When on city breaks it is likely that the places at the top of your must-visit list are the main attractions that the city has to offer, including particular museums or landmarks. We are no different if we are on a city break; the likelihood is we only have a certain amount of time. Therefore, want to see the things the city is famous for. However, many cities have a different side to them, one which is just waiting to be discovered and that is just off the typical tourist trail and Oslo is certainly one of them.
Booking through TripAdvisor
We booked the Oslo SuperSaver: Modern City Center and Bohemian Grünerløkka walking tours through TripAdvisor. Having used TripAdvisor for years for checking out hotel and restaurant reviews and, of course, adding pins to our Travel Maps, we were aware that you book hotels and flights through the website but booking tours, attractions and tickets was a new thing to us. The process is super easy, we typed in Oslo in the Where To? box at the top, clicked the tab entitled ‘Things To Do’ and chose ‘Tours and Tickets’. We then scrolled through all our options before choosing the tours which sounded right up our alley. Each of the two walking tours were 2 ½ hours long, we also had the option to take them on different days or on the same day. We opted for the later.
Heading to Grünerløkka
We met our tour guide, Romy at 10 am, at the fountain in the centre of Youngstorget, a large square on the eastern side of Oslo. The sun was shining and the streets were quite quiet as a few people wandered around and a large Thai market was being set up. We walked across ‘fairytale bridge’ which is the unofficial starting point of Grünerløkka; it is not easy to miss as it has large sculptures on every corner, depicting different stories from Norwegian folklore.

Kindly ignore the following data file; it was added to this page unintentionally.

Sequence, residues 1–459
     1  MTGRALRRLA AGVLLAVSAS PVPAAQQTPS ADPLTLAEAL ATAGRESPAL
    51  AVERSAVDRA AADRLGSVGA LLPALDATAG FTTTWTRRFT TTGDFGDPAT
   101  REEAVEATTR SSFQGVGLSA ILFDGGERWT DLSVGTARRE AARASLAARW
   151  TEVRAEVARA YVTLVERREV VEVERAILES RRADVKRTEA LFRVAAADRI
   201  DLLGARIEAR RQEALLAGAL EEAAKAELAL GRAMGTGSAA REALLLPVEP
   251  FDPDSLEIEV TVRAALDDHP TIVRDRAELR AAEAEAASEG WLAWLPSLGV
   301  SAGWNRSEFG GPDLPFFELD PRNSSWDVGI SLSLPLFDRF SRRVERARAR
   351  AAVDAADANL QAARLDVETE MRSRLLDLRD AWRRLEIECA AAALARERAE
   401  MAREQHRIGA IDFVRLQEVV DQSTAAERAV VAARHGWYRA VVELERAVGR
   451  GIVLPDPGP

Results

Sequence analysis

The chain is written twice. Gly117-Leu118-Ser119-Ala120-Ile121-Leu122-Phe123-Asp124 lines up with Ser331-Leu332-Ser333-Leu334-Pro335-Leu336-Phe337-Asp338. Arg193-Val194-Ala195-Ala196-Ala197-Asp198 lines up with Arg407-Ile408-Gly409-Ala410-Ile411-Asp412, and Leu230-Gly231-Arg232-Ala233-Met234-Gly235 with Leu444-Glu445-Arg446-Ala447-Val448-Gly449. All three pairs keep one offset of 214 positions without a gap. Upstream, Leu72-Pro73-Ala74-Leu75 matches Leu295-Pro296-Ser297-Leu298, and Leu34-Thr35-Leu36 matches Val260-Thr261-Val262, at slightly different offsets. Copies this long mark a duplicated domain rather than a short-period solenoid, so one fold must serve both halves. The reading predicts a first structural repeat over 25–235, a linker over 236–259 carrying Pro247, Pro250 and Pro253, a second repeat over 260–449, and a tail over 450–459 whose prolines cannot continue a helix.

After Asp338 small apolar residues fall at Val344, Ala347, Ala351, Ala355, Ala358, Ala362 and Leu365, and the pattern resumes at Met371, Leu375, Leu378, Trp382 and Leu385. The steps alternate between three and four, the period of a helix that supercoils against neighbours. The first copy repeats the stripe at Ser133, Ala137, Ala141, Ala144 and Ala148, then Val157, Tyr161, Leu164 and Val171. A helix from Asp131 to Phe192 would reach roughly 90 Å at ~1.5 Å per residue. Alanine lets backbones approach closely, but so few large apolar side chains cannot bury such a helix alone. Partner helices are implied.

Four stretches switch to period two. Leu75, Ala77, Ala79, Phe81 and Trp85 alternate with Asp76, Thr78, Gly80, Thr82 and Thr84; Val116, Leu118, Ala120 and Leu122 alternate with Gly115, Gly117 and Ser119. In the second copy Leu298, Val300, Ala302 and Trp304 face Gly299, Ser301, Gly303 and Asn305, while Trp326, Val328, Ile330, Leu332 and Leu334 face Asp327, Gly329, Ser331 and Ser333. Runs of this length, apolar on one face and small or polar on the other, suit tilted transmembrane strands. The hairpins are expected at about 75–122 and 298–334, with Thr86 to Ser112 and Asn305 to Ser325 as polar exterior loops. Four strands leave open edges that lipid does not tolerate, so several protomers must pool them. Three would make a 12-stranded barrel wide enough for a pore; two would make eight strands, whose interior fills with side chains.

Once over the bridge, to my surprise (jokes), hipsters did not descend on us from every direction wearing Doc Martins and reeking of beard wax. Instead, we found ourselves in a very laid back neighbourhood with lots of little boutique and retro shops and street art which reminded me instantly of the Northern Quarter in Manchester. Together with many craft bars and cafes which screamed out Shoreditch, London. This part of the city instantly made me feel at home and somewhere that I’m glad we chose to explore with a tour guide.
Reasons to Take an Organised Tour
Of course, we could have wandered around Grünerløkka ourselves, however, the likelihood is we would have missed some of the good stuff and/or not really known what we were looking. Therefore having Romy there to explain things and to ask questions of was invaluable. Especially about one of Grünerløkka’s most famous residents, Edvard Munch, painter of the world famous Scream painting. Even though she was not from Grünerløkka herself, she is obviously has a lot of knowledge of the area and gave us some great tips and recommendations about what to see and do and where to eat and drink in the area should we return on our own. Unfortunately, we didn’t have the chance to go back, we simply ran out of time but if we ever return to Oslo, we know where to head straight away.
Some of the Hot Spots
Grünerløkka is packed full of hotspots including the market (only open on a Sunday), the Norwegian National Academy of Fine Arts, the house where Munch painted a number of his famous pieces and the Cemetery of Our Saviour, where many local people are buried including the world famous playwright Henrik Ibsen, and Edvard Munch himself. Together with a number of traditional Norwegian houses and of course Insta worthy walls, there is something here to pique most people’s interests.
We finished the walking tour in the award-winning Vulkan area located on the western bank of the Akerselva River which once was an industrial area. Now it is virtually self-sufficient when it comes to heating and cooling the buildings in the area. It is also home to a number of bars, restaurants and shops and Oslo’s first food market hall which include stalls selling every food imaginable. It was a great place to grab a bite to eat, a drink and relax for a while before heading back to the centre of Oslo to take the Modern City Centre part of our walking tour package.
Grünerløkka is a multi-faceted district and one that we highly recommend taking a tour of.
- Our tour was provided on a complimentary basis from TripAdvisor.